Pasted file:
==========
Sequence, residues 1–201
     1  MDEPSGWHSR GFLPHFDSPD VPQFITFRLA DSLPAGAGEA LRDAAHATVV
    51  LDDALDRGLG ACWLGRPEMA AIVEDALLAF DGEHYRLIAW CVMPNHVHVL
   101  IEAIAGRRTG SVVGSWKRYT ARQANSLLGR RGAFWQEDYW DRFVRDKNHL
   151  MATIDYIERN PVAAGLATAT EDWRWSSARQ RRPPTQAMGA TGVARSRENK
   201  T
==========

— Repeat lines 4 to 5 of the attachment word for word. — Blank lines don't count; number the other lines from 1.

   101  IEAIAGRRTG SVVGSWKRYT ARQANSLLGR RGAFWQEDYW DRFVRDKNHL
   151  MATIDYIERN PVAAGLATAT EDWRWSSARQ RRPPTQAMGA TGVARSRENK